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BlizzCon 2012 video gaming convention canceled - But why?

Players and fans from around the world play World of Warcraft: Mists of Pandaria at BlizzCon 2011 in Anaheim on Friday, Oct. 21, 2011.
Players and fans from around the world play World of Warcraft: Mists of Pandaria at BlizzCon 2011 in Anaheim on Friday, Oct. 21, 2011.
Derek Bauer/AP

BlizzCon 2012 has been canceled. The annual convention for gamers who love World of Warcraft, Diablo and Starcraft has been held in Anaheim every fall since 2005 (with one previous exception being no convention in 2006), but now Blizzard Entertainment has announced no convention this year due to a "jam-packed schedule," according to a press release.

Why would they cancel the popular convention, with fevered fans coming from around the world in order to spend money on your products? It's grown from 8,000 fans when first held in 2005 to sellouts of 27,000 fans in 2010 and 26,000 in 2011, with tickets selling at $175 a pop. The convention's featured concerts by the Foo Fighters, Ozzy Osbourne and Tenacious D.

Blizzard's press release also noted that they're holding a major gaming tournament in Asia later this year, as well as working on Diablo III and expansion packs for both World of Warcraft and Starcraft II, but it seems like the company's turning down free money. Of course, the company has also said that it loses money on the conventions, but the marketing value of an event like this can't be underestimated.

It's also a convention where having key staff available is important, and they noted that they were busy getting out a variety of games. Could pulling them away for a few days for the convention, and perhaps a bit more for prep, significantly impact development?

"It's a bit disappointing because we all really do enjoy being able to 'open the doors' so to speak," World of Warcraft online community manager "Bashiok" wrote in a message board post. "But, it is an enormous effort by all employees, including our game designers and artists, not to mention customer support and quality assurance, PR, our business departments, and *hot breath on fingernails & shirt rub* Community & eSports to make a BlizzCon happen.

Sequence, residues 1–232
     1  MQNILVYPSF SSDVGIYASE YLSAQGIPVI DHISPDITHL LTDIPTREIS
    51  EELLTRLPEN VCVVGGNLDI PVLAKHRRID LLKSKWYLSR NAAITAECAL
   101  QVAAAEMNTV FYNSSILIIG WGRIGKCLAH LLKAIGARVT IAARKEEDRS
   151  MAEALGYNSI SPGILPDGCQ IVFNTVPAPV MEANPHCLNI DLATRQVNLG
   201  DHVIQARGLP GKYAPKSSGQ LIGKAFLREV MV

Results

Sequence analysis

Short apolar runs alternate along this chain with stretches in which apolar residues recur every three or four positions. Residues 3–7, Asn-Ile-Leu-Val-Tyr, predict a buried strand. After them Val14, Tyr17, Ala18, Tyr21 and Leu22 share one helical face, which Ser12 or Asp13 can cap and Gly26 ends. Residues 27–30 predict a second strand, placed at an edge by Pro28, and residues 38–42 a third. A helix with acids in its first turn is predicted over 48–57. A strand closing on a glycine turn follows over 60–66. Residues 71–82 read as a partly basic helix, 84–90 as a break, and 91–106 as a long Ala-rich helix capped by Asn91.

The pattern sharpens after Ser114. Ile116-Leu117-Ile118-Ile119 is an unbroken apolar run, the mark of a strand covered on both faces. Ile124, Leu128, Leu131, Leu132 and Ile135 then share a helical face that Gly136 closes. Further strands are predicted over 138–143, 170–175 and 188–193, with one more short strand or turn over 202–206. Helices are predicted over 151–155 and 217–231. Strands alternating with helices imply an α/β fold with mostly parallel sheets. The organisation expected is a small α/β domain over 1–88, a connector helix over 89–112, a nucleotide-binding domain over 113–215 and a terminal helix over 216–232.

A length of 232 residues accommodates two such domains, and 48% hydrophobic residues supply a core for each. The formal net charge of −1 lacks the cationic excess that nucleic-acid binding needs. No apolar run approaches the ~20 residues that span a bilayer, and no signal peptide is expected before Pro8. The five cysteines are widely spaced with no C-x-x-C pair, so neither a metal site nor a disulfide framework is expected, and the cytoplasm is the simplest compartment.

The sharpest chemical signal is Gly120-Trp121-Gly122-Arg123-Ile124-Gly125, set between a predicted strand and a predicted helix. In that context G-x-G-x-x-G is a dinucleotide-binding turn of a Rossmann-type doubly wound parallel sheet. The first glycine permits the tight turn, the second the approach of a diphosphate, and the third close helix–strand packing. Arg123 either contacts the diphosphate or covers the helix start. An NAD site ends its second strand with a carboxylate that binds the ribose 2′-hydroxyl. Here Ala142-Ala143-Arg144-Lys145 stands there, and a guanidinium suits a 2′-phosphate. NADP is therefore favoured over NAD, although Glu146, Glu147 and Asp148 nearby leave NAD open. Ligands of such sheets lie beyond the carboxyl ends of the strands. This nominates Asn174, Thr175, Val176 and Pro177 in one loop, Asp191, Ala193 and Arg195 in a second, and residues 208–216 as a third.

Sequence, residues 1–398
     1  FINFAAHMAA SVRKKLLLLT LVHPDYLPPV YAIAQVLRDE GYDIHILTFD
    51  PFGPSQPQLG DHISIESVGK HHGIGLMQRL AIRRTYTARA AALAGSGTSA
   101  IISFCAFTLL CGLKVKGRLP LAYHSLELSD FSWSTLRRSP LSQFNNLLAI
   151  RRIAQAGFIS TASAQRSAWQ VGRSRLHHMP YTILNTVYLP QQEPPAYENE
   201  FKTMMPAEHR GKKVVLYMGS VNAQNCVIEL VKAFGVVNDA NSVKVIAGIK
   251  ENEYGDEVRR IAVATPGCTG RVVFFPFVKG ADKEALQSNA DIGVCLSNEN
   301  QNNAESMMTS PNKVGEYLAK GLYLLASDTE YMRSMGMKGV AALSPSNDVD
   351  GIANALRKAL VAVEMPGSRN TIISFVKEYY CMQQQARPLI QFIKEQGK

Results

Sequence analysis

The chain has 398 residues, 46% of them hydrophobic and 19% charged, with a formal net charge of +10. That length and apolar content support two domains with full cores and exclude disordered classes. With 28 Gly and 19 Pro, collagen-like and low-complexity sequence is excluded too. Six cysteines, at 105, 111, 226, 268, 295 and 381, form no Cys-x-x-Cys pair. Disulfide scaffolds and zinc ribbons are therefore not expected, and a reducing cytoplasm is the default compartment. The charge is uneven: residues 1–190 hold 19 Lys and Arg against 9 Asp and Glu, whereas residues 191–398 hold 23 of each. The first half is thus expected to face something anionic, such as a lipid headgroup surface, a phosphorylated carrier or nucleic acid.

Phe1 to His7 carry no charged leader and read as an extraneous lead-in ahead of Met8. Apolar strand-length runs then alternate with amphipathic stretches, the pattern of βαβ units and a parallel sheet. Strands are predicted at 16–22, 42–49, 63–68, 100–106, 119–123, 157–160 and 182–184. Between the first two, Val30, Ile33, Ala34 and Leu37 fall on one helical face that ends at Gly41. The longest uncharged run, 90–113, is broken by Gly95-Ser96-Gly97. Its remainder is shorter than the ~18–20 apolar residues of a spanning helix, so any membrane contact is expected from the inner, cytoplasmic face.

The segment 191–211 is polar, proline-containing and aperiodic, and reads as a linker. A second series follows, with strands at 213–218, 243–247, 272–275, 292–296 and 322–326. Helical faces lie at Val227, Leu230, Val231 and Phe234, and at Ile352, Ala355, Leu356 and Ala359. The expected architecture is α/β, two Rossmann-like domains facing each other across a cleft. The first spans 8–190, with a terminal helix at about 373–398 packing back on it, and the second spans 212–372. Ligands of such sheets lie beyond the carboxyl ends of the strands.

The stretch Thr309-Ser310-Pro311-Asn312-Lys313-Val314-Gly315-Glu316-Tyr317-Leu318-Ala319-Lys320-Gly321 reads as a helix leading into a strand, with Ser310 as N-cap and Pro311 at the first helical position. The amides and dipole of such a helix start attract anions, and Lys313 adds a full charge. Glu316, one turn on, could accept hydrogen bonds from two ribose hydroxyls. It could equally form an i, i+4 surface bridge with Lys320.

It can be difficult for a staff to organize major conventions. San Diego Comic-Con has faced some growing pains in recent years, with delays and hiccups due to both technological and staffing issues. However, it seems that a company like Blizzard could choose to higher additional staff to make something like this work.

Are they afraid of backlash at a convention if they fail to meet release dates? They've shown Diablo III at BlizzCons for the past four years, so they could always be wanting to hold back on a convention if they don't feel they have enough new to show off, but it seems that fans are excited enough that they wouldn't completely cancel the convention.

"In a year when we're working to release multiple titles (knock on wood) it makes sense to focus our efforts," community manager "Bashiok" wrote. "Also with multiple game releases we just wonder if we'd be at a point with any of them where we'd have anything really big or new or cool to talk about."

Perhaps one other key point in that post: "Thinking about our year and what we're trying to get done already without a BlizzCon, and having to think pretty hard about what we'd have to announce or demo, it just makes sense to me not to have one." While a convention can certainly be fun without having anything to announce or demonstrate, it's understandable that they may want to hold off until they can leave fans wanting more instead of leaving fans feeling let down.

Will BlizzCon move to being a biannual convention? It could help build anticipation and make each trip to Anaheim a more special experience. Disney's relatively new D23 convention is biannual, with conventions held in 2009 and 2011 and another coming in 2013, but it at least thus far hasn't reached the epic level of BlizzCon or Comic-Con.

Blizzard wasn't immediately available for comment when contacted by KPCC.

(via Geeks Are Sexy)